Yesterday was an election night, focused mainly on narrowing the fields that will face off with one another on November’s elections. There was quite a crowd of supporters gathered outside the Cottrell home, anticipating a good outcome for Anne, who was running for County Supervisor, and who is the daughter of Sue. Tuesday nights are always busy at Sue’s home, as a group of women meet for prayer, meditation, singing and deliberation on the Word of God. The group has met for more than two decades with people coming and going as is expected in our mobile society. And last night was to be no exception, even with the expectant celebratory party outside. In fact, we had peeled away from that same gathering to go inside to fellowship with the Spirit and one another.
As the praying group entered into a ten-minute time of silent meditation, pondering what Jesus was asking of us in the Scripture for the day, we could hear increased joviality outside, and about halfway through the time a roar of jubilation broke out, presumably at the news of a successful night at the polls for Anne. Briefly we broke out of our meditations, someone quoted a section from our bible reading which read “and hope does not disappoint”; Anne briefly came in to share her news with her mother and get a congratulatory hug, and we settled back into the remainder of our time of silent meditation.
I thought of Henri Nowen’s book “In the Name of Jesus”, in which he contrasts the Temptations of Christ with the Recommissioning of Peter through Jesus’ question “Do you love me?” in John chapter 21. In tackling the first temptation to turn stones into bread, Nowen says that one of the temptations for the Church is to seek to be relevant – ie to focus on keeping up with the times. In contrast, he writes, the gift we offer the world is contemplation upon God in Christ through the Spirit. There we were, for a few moments, living that reality. Everyone shared in the events happening outside the home, and rejoiced, most probably having voted themselves. Yet the small group knew that it had another, additional task – to uphold the entire system of our community in silent contemplation before God, who is all and in all.
Jesus calls us o’er the tumult
of our life’s wild restless sea,
Day by day his clear voice soundeth,
Saying “Christian follow me”;
As of old, Saint Andrew heard it
By the Galilean lake,
Turned from home and toil and kindred,
leaving all for his dear sake.
Jesus calls us from the worship
of the vain world’s golden store;
From each idol that would keep us,
saying “Christian love me more”.
In our joys and in our sorrows,
days of toil and hours of ease,
still he calls, in cares and pleasures
“Christian love me more than these”.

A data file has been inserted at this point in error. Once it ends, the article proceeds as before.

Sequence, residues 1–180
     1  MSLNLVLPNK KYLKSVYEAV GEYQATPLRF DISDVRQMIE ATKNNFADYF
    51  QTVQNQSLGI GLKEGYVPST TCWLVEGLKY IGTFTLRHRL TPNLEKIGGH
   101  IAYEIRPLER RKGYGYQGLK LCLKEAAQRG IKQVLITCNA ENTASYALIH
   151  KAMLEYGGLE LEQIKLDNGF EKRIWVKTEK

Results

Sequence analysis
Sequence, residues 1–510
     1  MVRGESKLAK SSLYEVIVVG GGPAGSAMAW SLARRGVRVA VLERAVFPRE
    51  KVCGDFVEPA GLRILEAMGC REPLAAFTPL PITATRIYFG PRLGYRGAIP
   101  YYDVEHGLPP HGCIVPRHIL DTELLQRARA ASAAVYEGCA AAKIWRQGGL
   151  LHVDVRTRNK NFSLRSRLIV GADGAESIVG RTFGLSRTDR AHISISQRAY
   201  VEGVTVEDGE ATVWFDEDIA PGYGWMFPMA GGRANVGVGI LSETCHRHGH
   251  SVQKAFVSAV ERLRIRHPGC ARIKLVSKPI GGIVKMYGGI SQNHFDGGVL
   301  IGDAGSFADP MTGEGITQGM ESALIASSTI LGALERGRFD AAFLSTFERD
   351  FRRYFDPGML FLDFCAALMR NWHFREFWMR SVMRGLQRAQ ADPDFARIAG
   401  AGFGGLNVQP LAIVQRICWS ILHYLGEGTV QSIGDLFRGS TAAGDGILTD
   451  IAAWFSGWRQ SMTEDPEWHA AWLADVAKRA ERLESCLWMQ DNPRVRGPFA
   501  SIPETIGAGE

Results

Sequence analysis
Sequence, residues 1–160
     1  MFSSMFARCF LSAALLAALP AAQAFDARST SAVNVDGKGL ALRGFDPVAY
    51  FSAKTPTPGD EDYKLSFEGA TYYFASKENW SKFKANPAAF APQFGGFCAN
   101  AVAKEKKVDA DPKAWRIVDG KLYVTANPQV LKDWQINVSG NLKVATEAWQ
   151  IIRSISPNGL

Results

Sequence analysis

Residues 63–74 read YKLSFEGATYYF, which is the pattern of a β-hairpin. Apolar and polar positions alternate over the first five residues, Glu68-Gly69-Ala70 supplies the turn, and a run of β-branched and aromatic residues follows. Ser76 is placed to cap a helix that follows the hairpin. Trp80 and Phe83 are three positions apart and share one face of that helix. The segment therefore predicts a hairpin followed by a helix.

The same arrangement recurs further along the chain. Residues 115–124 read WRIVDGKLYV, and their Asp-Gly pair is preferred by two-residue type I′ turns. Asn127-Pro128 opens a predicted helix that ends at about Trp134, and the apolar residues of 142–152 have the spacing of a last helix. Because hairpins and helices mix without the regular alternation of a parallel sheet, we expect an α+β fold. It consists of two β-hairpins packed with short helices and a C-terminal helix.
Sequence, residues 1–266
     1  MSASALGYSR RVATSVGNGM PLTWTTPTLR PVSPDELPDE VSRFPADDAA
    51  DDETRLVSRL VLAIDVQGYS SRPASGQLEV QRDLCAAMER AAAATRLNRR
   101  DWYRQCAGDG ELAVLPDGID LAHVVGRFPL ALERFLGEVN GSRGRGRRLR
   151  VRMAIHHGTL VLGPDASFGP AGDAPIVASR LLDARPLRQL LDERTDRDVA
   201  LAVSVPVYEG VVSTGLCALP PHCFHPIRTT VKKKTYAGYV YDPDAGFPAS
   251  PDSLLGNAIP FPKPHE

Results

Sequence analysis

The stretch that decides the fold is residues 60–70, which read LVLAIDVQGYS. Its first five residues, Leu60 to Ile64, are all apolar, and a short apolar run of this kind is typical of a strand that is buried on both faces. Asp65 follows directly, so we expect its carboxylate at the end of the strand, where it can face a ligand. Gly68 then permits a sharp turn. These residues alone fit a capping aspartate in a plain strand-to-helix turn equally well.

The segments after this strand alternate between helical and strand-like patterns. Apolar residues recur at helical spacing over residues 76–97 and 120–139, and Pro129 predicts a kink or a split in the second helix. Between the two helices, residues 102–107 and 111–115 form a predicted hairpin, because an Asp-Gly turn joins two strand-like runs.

Jesus calls us! By thy mercies,
Savior, may we hear thy call,
give our hearts to thine obedience,
serve and love thee, best of all.
The Tuesday night group is just one of more than a dozen small groups gathering at different times and in different ways around Grace. That same morning, twelve hours earlier, I had sat in on a zoom group of three men discussing the same passage of Scripture as we did later that evening. Every Tuesday at noon another men’s group meets at the Church going steadily through Matthew’s Gospel. On Thursday morning, also at 7, almost a dozen folk say morning prayer in the sanctuary, celebrating a saint of the day. Another men’s group meets on zoom on Monday at 8am, and a women’s group meets at the Church the next day at 8:30.
I realize that I am telling you what you know. For it is what you live as a community. I could add the dinner or lunch groups, and the early morning Monday contemplation group, or the newly added online Wednesday evening group. I call it Amazing Grace! And I am grateful to have been invited to sit in on many of them. The early morning aspect is most interesting; the long-standing nature and deep rootedness in prayer of most of them is priceless to the spiritual health of the community.
I have experienced many churches where the small group movement has been tried. My wife and I have benefitted from many over time and their members have become our deepest friends. In effect young people have known this benefit for a long time, growing up in youth groups. At 72, I still visit my youth group leaders – now in their 80s – every chance I get when back in my hometown of Bradford.
Jesus’ small group numbered twelve, even with one of them being a bad egg. Often, he spoke to the crowds, but as frequently had to take his disciples aside for more in-depth conversation. It hardly seemed the way to create relevance in a crowded world. Jesus knew the essential nature of divine focus.
“Seek first the Kingdom of God, and all these things shall come to you”. That is his promise and hope that will not disappoint. I would add the hope that the intimacy, the spiritual support, the relational joy that comes with your small groups can be something that will stretch from generation to generation. To find our group of fellow believers with whom we can learn to be open, be supported and feel safe as we seek to grow in Christ is one of the most relevant things we can have. It is in fact where contemplation and relevancy come together as one and the same. I think that is what was going on at the Cottrell home last night.
+ Bishop Alan